It wasn’t too long ago that a high-concept label like Chromat would be considered radical, even subversive, and have a hard time finding a market.
But the New York-based label founded three years ago by urban planner Becca McCharen is suddenly everywhere — on concert stages, in Hallowe’en costumes, decorating celebrities, in fashion editorials, and in a rapidly growing number of fashion-forward wardrobes.
From a knockout military-themed pageant by Agent Provocateur to the see-through latex Cheongsam dresses from Atsuko Kudo‘s new collection, last night’s Lingerie London fashion show gave patrons more than an eyeful.
A star-studded lingerie show will dazzle London’s fashion elite tonight, but its impact could be felt around the world for years to come.
A sold-out crowd of 400 UK glitterati paid up to £1,000 each for the eagerly anticipated Lingerie London catwalk show at Old Billingsgate, a converted fish market on the Thames and prized Victorian landmark.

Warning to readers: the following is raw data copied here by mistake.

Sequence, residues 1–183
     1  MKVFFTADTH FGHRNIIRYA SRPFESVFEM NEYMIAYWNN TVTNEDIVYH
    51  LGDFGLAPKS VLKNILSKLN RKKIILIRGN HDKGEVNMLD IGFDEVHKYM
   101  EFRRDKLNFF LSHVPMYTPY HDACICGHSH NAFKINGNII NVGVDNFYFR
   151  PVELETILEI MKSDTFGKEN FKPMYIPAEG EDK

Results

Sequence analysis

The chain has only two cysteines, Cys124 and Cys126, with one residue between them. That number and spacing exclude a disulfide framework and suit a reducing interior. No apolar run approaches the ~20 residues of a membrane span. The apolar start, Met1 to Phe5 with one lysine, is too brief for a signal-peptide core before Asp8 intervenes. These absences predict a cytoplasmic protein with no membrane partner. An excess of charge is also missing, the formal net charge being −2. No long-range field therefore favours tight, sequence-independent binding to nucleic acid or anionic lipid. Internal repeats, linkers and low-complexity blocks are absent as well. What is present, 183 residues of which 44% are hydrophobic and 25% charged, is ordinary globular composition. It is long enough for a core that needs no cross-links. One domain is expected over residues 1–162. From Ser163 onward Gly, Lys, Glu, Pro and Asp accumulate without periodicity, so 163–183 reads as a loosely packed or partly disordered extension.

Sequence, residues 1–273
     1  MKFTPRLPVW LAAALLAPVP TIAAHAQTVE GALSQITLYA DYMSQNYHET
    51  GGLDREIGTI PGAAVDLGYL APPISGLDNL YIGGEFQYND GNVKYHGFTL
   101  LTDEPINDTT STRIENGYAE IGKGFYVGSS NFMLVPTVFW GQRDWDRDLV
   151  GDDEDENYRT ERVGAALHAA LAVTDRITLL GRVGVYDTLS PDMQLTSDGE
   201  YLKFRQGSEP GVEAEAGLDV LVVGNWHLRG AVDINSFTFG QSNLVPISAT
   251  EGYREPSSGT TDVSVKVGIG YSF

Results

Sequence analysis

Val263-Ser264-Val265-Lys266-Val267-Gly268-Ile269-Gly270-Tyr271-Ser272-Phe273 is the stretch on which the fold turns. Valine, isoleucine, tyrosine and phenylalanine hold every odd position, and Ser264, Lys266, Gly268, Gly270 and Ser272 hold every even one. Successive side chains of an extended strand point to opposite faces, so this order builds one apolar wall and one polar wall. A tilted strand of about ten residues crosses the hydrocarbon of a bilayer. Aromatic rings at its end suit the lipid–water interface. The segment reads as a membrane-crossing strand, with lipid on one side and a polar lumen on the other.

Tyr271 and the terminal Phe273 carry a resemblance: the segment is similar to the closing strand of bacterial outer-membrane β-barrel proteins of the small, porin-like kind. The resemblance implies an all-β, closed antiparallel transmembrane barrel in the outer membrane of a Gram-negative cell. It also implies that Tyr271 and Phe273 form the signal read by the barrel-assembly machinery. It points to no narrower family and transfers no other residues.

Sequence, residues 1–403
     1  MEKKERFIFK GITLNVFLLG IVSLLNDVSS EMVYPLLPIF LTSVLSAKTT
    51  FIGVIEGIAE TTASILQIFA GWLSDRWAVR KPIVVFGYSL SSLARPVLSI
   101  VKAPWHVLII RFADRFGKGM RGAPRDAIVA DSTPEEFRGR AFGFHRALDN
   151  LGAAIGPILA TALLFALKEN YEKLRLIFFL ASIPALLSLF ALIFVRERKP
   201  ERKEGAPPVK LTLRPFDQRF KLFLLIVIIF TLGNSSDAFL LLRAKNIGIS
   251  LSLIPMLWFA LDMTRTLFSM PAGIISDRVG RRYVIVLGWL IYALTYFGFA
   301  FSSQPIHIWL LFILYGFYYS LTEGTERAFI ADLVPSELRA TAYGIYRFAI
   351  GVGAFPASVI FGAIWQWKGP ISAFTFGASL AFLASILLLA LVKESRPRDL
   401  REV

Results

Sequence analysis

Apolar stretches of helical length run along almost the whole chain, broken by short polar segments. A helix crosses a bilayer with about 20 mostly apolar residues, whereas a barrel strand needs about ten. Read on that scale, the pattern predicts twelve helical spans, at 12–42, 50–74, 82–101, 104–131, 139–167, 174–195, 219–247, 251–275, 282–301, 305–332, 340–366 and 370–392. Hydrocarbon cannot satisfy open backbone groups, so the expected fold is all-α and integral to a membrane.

It takes a clear head and a strong voice to make sense of all the media noise about obesity, sizeism, bullying and the whole snakepit of body-image issues that women are exposed to.
Stella Boonshoft has that clarity.
The New York student triggered a tsunami-sized public debate last week by simply posting a photo of herself in a bikini on her Body Love blog. And …
It’s been said that every generation has to discover Shakespeare in its own way.
And these days there are countless pathways to the Bard: from Woody Allen to Julie Taymor to Gnomeo and Juliet and many more.
But what about a lingerie collection aimed at dreamy young girls that tries to capture the timeless heartache of Romeo and Juliet?